First impression on unpacking the Q702 test unit was the solid feel and clean, minimalist styling.
IMail Server 6.0: Gracious E-Mail Host
- — 17 April, 2000 11:28
Another bonus for small companies on a budget: IMail Server has relatively modest system requirements. According to the company, if you have fewer than 250 active users, the software will function on a Pentium 100MHz system with just 64MB of RAM, although Ipswitch also says that those are only estimates, and "actual requirements and performance vary greatly with the amount and type of e-mail traffic...." So we think it wise to be cautious about adopting a minimalist configuration. We tested the software on a Dell 2400 Pentium III 533MHz Web server with 384MB of RAM and Windows 2000 Advanced Server. The program is designed for Windows NT 3.51 or later and Windows 2000, and does not currently run on UNIX.
Flick the Switch
Ipswitch pitches IMail Server as the "20-minute mail solution." And even though our setup took a little bit longer than 20 minutes, we can attest to the server's ease of installation. The process was straightforward and required little user input. What few queries we did have were answered by the helpful user manual. An intuitive dialog prompts you for an installation directory and asks whether you want to set up an e-mail user account as part of the initial installation process. The software automatically reads domain name system information from Windows NT and Windows 2000, so you don't need to set that up manually.
According to Ipswitch, IMail Server gives you the capability to host thousands of discrete domains - such as "yesterday.com," "today.com," "tomorrow.com" - on one server by using virtual hosts. You can opt to configure your virtual hosts with or without IP addresses. To set up a virtual host on Windows NT or 2000, you must assign the appropriate DNS record - and in Windows 2000, that can be tricky if you're new to the operating system. Nevertheless, in less than an hour we had successfully set up e-mail servers for two different domains.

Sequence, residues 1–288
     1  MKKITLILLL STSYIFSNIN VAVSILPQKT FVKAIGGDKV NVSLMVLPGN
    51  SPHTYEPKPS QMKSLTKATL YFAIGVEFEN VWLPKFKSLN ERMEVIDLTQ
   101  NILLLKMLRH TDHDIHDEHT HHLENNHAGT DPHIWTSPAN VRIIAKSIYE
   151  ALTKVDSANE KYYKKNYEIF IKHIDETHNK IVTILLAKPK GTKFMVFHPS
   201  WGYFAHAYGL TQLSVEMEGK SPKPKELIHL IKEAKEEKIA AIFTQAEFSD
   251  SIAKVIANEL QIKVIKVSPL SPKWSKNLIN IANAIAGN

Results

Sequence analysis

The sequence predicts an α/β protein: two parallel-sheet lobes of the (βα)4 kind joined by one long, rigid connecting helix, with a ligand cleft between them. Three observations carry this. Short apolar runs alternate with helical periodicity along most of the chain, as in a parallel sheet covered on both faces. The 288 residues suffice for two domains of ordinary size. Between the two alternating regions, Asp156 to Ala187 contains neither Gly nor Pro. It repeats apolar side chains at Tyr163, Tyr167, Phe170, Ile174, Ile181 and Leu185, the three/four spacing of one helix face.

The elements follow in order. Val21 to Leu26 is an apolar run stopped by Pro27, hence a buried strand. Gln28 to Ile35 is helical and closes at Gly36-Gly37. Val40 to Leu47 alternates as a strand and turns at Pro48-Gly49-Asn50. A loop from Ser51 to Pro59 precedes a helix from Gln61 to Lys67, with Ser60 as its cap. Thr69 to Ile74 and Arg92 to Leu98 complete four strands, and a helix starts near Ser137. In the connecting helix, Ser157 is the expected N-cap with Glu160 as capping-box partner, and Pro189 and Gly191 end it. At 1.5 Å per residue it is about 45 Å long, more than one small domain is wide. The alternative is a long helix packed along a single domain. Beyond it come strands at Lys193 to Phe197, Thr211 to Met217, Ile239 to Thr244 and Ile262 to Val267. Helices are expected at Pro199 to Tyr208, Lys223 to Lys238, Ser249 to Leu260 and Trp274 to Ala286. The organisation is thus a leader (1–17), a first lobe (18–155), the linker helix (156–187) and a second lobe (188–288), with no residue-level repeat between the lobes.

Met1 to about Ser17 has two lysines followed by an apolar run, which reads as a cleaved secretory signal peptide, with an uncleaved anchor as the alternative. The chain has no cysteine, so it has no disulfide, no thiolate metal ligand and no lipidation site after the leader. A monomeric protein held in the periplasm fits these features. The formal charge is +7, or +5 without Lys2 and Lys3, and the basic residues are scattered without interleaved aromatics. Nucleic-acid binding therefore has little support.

Once past the initial setup, you can go back into the software to set up additional e-mail accounts; we were able to do so in less than ten minutes. IMail Server lets you create aliases, custom vacation messages, and mail-forwarding parameters. Users can read mail from IMail Server using any client that supports either POP3 or IMAP4. We tested IMail Server with both Qualcomm Eudora 3.0 and Microsoft Outlook Express 2000, both of which are easy to configure; you simply provide a user name, a password, and SMTP (outgoing) and POP (incoming) server names. The ability of users to remotely maintain their own e-mail accounts helps to take the burden off the e-mail administrator. The software's message-handling capacity depends somewhat on the host system's processing power.
In our informal testing, we found IMail Server to be a user-friendly alternative to big groupware solutions such as Microsoft Exchange Server and Lotus Notes. The server was as easy to maintain and administrate as it was to set up: A single, intuitive user interface allows you to manage and adjust properties related to users, hosts, services, mail, messaging, aliases, and group distribution mailings.
Version 6.0 offers a host of new features, including support for SSL encryption security to protect e-mail content and passwords. This version also has an enhanced, fully customizable Web messaging interface that enables searching and filing of messages stored on the server, so your e-mail users can view and send their e-mail via any Web browser.
IMail Server 6.0 is a good choice for just about any small to medium-size organization, and it is particularly attractive for companies with limited budgets and IT resources. If you need solid e-mail server capabilities now, without the hassle of a complicated setup and a big bill, IMail Server is worth considering. You can download a free 45-day evaluation version from Ipswitch (http://www.ipswitch.com).